There is an interesting play on words in this stanza. Falsnes from the previous paragraph is usurping Trouth’s “londe,” with an echo of the Romaunt (line 2783) where hope resides, or holds land, within the knight. Here though, Falsnes falsely resides in the knight. In other words, the lady perceives Falsnes in the knight, and wrongly attributes it to him, but in reality he is Trouth’s property. He bemoans that he cannot make his lady see this truth.

“Falsly accused and of his foon forjuged,
Without unsuer while he was absent
He damned was and may not ben excused,
For Cruelté satte in jugement
Of hastynesse, without avisement,
And bad Disdeyn do execute anon
His jugement in presence of hys fon.

“Atturney non ne may admytted ben
To excuse Trouthe, ne a worde to speke;
To feyth or othe the juge list not sen;
Ther ys no geyn, but he wil be wreke.
O Lorde of Trouthe, to Thee I calle and cleke:
How may Thou se thus in Thy presence
Without mercy mordred Innocence?

Love is often found punishing Trouthe and siding with Falsity. Chaucer and Langland make use of the trope – think of the extended trial scene in Piers Plowman, Passus 3, in which Trouth is placed on trial and actually condemned. Cruelte is first personified by Chaucer in Part II of Pity. Also, think of the contradiction between this trial scene and the one that figures in Chaucer’s Parliment. When Nature is the judge, justice and truth stand to win, perhaps implying Love exists in an unnatural state, and by virtue of its unnatural existence it is flawed and unable to deliver justice.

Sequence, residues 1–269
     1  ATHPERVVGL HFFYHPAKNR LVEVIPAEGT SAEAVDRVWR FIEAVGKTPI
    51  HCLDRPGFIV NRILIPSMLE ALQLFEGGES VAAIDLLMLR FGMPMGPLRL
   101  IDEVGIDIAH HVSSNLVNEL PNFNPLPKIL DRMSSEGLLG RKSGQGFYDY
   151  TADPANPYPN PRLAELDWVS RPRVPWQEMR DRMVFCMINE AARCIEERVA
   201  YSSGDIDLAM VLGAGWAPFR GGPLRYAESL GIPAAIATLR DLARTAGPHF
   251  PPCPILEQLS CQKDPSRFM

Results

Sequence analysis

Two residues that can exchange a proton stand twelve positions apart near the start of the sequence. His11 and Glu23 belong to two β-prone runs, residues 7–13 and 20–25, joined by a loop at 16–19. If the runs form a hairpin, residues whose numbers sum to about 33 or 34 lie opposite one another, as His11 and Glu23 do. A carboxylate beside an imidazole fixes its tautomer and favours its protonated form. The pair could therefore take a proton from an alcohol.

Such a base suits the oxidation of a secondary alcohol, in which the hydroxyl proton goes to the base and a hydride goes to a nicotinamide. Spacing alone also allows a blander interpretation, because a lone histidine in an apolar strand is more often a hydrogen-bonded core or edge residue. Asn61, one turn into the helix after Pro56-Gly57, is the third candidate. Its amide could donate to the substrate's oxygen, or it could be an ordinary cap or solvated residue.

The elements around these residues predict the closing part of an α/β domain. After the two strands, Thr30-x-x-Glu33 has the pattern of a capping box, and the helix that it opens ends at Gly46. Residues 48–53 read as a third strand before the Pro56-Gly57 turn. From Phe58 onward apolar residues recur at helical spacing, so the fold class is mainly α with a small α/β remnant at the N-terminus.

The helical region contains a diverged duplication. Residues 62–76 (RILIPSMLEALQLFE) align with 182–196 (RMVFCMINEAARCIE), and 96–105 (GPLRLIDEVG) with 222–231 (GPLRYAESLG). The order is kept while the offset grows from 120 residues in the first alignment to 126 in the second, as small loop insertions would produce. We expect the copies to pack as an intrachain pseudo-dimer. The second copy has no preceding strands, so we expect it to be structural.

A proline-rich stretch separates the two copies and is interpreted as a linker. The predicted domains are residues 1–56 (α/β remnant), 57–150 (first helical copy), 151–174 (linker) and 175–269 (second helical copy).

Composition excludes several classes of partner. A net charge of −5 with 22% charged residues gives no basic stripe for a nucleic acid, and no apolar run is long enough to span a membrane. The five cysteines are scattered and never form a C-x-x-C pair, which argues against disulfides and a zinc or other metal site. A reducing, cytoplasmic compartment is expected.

There is also a disparity between manuscripts on the word “cleke,” with the possibility that, according to the OED and MED, it implies foolishness, but depending on which manuscript you reference, Lydgate may have used it prior to the first instances of it in either of the reference sources. If this is the case, then it would simply  mean the knight is calling out, or crying, but not necessarily in vain.

“Now God that art of Trouthe sovereyn
And seest how I lye for trouthe bounde,
So sore knytte in Loves firy cheyn,
Even at the deth, thro-girt wyth mony a wounde
That lykly ar never for to sounde,
And for my trouthe am damned to the dethe,
And noght abide but drawe alonge the brethe,

The knight appeals to the sovereign of Trouth, similar to the plea in Chaucer’s Anelida. Love as the source of imprisonment, binding its followers with chains is also not a new concept. It appears in the Romaunt, in the Knight’s Tale, and Love’s “firy” chain is a reminder of Cupid’s “fyry dart” in Chaucer’s “A Complaint to his Lady.” Lydgate also uses these terms in Temple of Glas (line 574) and the Troy Book (Part IV, line 1550).

Nevertheless, even as the lover is condemned to death in lines reminiscent of the Knight’s Tale (lines 1010), he will tarry as long as he can in Chaucerian terms once used to translate Boethius  (to drawe along, prolong from Latin “protrahit”).

“Consider and se in Thyn eternal sight
How that myn hert professed whilom was
For to be trwe with al my ful myght
Oonly to oon, the which now, alas,
Of volunté, withoute more trespas,
Myn accusurs hath taken unto grace
And cherissheth hem my deth for to purchace.